Is That Your Body Blocking the Light?
Across this lawn,
blacktop of shadow
cast between us.
Darkness you did not intend.
How can you, Oak Tree of seventy,
be obscurity and beacon, both?
I hear whispers growing fainter,
Sh- sh- sh, until we share
each other’s air again.
What's Buried and What's Not
I’m balancing on the curvature
of roots mossed over in unreal green.
They carry a familiar bone structure:
these rough-skinned, working hands
That even now nourish tree flesh
in the bluing dark of Monday.
I trace one root, it skims grass-shallows
and delves below my sight--
to extract its choice elixir:
It sips chilled rain from saturated earth,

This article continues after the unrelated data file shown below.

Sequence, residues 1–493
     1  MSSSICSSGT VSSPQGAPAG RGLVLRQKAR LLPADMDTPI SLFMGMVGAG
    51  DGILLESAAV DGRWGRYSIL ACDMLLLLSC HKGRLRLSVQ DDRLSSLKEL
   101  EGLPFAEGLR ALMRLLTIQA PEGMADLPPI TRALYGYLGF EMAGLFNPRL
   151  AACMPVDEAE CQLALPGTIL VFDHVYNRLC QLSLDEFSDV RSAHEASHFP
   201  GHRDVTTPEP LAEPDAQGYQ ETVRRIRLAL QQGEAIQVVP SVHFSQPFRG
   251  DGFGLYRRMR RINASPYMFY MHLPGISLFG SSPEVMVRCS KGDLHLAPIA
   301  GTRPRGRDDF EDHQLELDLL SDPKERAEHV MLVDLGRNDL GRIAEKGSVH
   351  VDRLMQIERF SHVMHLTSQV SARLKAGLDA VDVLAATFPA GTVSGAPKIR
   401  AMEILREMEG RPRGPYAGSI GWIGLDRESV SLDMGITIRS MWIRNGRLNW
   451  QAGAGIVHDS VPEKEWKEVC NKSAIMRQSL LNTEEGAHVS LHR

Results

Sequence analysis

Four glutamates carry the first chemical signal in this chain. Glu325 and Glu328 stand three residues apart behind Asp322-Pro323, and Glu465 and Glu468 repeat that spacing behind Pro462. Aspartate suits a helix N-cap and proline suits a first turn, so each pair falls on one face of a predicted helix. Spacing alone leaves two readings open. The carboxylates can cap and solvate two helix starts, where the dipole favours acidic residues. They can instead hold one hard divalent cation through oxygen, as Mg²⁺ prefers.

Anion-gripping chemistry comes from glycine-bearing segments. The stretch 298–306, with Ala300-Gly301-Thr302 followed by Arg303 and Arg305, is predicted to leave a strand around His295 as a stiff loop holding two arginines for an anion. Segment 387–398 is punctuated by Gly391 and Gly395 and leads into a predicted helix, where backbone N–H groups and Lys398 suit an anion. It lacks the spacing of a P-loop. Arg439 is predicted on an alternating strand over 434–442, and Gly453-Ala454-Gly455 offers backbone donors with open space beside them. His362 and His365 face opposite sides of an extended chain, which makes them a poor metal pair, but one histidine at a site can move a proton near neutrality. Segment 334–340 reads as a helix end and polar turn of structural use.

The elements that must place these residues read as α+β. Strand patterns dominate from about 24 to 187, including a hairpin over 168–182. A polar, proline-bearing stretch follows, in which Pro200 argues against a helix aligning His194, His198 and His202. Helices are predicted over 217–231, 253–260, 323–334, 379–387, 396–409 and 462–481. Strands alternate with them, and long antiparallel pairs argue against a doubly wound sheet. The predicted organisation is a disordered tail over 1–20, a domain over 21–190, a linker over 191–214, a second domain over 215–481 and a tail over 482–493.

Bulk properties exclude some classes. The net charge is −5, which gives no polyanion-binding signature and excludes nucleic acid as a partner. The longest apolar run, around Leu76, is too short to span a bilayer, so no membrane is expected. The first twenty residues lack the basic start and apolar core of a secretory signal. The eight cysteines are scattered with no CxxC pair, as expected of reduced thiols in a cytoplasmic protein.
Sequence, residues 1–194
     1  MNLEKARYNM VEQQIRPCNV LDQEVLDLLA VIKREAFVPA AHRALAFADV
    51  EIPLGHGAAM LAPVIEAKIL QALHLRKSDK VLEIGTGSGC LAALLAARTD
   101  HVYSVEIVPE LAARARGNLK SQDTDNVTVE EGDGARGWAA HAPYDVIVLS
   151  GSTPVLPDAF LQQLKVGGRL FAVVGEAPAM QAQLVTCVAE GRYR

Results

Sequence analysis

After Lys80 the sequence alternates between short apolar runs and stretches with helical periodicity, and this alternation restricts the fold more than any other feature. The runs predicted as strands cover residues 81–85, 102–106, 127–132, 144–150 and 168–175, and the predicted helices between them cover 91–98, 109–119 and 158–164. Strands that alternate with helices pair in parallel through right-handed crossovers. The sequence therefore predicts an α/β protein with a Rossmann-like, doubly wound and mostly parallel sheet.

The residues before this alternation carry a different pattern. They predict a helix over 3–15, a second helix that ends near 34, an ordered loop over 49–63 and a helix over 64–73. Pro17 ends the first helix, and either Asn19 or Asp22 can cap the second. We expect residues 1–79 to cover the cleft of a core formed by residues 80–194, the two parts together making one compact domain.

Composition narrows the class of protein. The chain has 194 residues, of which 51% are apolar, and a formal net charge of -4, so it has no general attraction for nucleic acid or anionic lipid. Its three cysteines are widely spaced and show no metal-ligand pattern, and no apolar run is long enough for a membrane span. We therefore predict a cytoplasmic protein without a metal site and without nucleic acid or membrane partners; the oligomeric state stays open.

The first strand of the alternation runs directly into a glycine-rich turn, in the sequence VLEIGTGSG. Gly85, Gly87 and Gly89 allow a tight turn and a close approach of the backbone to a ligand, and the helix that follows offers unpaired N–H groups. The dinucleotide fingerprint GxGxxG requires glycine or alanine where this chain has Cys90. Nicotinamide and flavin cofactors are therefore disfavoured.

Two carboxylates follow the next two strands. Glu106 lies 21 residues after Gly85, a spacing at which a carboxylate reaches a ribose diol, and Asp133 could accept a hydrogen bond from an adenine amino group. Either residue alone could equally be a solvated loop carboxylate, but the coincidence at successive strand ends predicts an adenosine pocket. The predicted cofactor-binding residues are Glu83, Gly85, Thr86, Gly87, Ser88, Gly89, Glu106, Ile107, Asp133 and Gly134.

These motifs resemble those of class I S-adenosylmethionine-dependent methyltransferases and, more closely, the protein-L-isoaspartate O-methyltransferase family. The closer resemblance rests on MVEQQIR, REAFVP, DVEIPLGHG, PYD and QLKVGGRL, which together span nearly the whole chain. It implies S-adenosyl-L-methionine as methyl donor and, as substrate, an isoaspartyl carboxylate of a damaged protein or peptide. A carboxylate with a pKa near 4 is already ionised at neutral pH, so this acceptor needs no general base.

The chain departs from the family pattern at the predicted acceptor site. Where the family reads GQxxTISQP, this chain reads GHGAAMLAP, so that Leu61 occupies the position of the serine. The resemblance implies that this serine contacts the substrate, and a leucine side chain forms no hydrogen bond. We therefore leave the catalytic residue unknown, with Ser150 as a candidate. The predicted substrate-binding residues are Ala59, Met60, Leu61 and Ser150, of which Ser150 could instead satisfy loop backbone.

leaving mineral tang on the forest’s breath.
Even what goes underground can sift,
can lift, can weave the elements–
into next spring’s leaf-fabric.
Over the Crowd
The slow work of defrost now fans across
my breath-covered windshield.
I force my hands deeper down
into their pockets. Fingertips jam
against the receipt-scraps of my evening.
I catch some movement through the glass: a girl,
half the height of a Christmas tree.
She's crawling up into a window display
that's advertising: Buy
one get one free.
Her face is fixed on a tidy pyramid of ornaments.
They almost match her earmuffs
of candy apple red.
She's hanging the globes, shoulder to shoulder, on one
With her back to the ever-scrolling crowd
(which does not see her either)
she dots the flocked tree with color.
I leave my car in park.
She's making room for the last of the baubles,
while occasionally sweeping their price tags
just out of her eyes.